AAS 195th Meeting, January 2000
Session 11. Calibrating the Distance Scales
Display, Wednesday, January 12, 2000, 9:20am-6:30pm, Grand Hall

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[11.04] Red Clump Stars - Further Improved Distance Indicator

K. Z. Stanek (Harvard-Smithsonian CfA), P. M. Garnavich (University of Notre Dame)

The ideal distance indicator would be a standard candle abundant enough to provide many examples within reach of parallax measurements and sufficiently bright to be seen out to Local Group galaxies. As developed by Paczynski & Stanek (1998), the red clump method precisely fits this description. These stars are the metal rich equivalent of the better known horizontal branch stars, with weak metallicity and age brightness dependence. Indeed the absolute magnitude-color diagram of Hipparcos clearly shows how compact the red clump is: Stanek and Garnavich (1998) determined that the variance in the I-band magnitude is only 0.15 mag.

To date the red clump method has been used to measure accurate distances to the Galactic center (Paczynski & Stanek 1998), M31 (Stanek & Garnavich 1998), LMC (Udalski et al. 1998; Stanek et al. 1998; Udalski 1999) and some clusters in our Galaxy (e.g. 47Tuc: Kaluzny et al. 1998). As with all the distance indicators, the main worry lies in the possible systematics of the method, in this case its dependence on the stellar metallicity and age. Both of these dependences were investigated by Udalski (1998a) and Udalski (1998b). More recently, the metallicity dependence of the red clump brightness was investigated by Stanek et al. (1999), Udalski (1999) and Popowski (1999). So far all these studies indicate that indeed the population effects on the red clump brightness are small. We discuss further planned studies of the red clump properties.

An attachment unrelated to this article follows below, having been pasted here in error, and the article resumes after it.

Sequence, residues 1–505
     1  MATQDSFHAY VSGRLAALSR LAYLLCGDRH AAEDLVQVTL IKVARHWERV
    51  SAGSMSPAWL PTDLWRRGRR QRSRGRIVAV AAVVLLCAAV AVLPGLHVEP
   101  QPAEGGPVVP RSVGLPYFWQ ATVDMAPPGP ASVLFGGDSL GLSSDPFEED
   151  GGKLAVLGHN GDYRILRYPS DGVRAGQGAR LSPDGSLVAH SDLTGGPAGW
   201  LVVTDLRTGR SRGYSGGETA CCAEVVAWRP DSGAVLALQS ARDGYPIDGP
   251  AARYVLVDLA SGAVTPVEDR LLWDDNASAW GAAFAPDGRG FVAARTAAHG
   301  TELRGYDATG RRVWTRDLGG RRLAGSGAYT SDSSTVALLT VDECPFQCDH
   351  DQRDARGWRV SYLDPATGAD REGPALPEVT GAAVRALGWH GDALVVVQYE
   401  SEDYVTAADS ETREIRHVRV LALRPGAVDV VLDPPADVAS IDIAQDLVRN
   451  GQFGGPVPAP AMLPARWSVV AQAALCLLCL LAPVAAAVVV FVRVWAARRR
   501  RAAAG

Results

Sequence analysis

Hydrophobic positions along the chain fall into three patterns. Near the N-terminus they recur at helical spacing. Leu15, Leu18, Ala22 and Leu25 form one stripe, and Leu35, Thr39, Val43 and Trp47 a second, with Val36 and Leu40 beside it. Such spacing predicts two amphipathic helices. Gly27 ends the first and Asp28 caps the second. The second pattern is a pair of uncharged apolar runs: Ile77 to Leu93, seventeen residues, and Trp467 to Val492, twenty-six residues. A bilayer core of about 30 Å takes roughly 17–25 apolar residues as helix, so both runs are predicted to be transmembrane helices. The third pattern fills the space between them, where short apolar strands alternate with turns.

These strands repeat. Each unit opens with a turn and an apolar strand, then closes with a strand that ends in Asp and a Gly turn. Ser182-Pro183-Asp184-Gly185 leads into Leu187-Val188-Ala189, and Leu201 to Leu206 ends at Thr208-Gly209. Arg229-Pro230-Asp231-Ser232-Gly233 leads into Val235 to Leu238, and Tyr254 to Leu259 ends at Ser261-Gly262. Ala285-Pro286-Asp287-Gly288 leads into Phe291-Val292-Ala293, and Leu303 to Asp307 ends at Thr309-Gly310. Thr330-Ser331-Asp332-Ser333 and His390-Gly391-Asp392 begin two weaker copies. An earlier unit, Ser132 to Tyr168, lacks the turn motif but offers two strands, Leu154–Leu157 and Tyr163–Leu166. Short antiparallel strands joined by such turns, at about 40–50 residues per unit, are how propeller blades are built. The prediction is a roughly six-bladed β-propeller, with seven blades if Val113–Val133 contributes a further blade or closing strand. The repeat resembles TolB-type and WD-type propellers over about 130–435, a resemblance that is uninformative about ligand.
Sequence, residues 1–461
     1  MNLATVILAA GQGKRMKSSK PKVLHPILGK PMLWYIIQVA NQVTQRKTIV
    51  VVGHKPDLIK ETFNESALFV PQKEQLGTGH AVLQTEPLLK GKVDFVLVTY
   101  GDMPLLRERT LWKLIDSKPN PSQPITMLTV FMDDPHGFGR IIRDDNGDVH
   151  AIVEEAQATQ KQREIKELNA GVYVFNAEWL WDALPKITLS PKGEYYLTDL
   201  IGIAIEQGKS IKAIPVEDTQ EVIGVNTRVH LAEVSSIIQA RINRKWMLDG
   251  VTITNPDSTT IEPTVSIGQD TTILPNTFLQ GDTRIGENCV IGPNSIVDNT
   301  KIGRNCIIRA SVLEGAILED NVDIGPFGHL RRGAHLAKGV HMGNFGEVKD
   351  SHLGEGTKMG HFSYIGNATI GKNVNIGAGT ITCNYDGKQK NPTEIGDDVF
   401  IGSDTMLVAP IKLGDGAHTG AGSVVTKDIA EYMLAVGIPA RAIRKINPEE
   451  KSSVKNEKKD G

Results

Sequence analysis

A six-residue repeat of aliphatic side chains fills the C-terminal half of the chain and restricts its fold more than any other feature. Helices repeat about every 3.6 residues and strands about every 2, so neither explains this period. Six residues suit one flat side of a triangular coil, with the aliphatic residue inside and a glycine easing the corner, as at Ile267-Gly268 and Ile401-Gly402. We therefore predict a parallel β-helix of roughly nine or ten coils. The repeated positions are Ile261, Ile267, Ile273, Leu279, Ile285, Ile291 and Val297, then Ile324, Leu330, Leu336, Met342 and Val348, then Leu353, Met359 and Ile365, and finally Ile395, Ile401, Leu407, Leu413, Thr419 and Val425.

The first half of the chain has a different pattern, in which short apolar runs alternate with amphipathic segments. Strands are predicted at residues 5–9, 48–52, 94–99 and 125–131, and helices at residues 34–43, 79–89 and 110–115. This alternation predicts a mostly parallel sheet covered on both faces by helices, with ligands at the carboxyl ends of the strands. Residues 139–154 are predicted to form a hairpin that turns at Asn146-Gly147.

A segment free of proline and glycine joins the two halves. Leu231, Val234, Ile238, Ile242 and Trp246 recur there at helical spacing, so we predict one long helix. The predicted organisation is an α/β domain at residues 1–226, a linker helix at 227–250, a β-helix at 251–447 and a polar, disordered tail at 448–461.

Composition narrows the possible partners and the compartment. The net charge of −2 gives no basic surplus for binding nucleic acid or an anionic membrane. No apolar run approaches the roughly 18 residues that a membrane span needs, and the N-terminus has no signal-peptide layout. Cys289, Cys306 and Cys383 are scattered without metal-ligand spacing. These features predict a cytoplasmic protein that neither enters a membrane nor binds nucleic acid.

Perhaps the most important result from the red clump method was the determination of the ``short'' distance to the Large Magellanic Cloud (Udalski et al. 1998; Stanek, Zaritsky & Harris 1998; Udalski 1999). If accurate, this distance to the LMC shorter by 15% than the ``standard'' value, has very important implications for the Cepheid distance scale and the determination of the Hubble constant.

If you would like more information about this abstract, please follow the link to http://cfa-www.harvard.edu/~kstanek/RedClump/. This link was provided by the author. When you follow it, you will leave the Web site for this meeting; to return, you should use the Back comand on your browser.

The author(s) of this abstract have provided an email address for comments about the abstract: kstanek@cfa.harvard.edu

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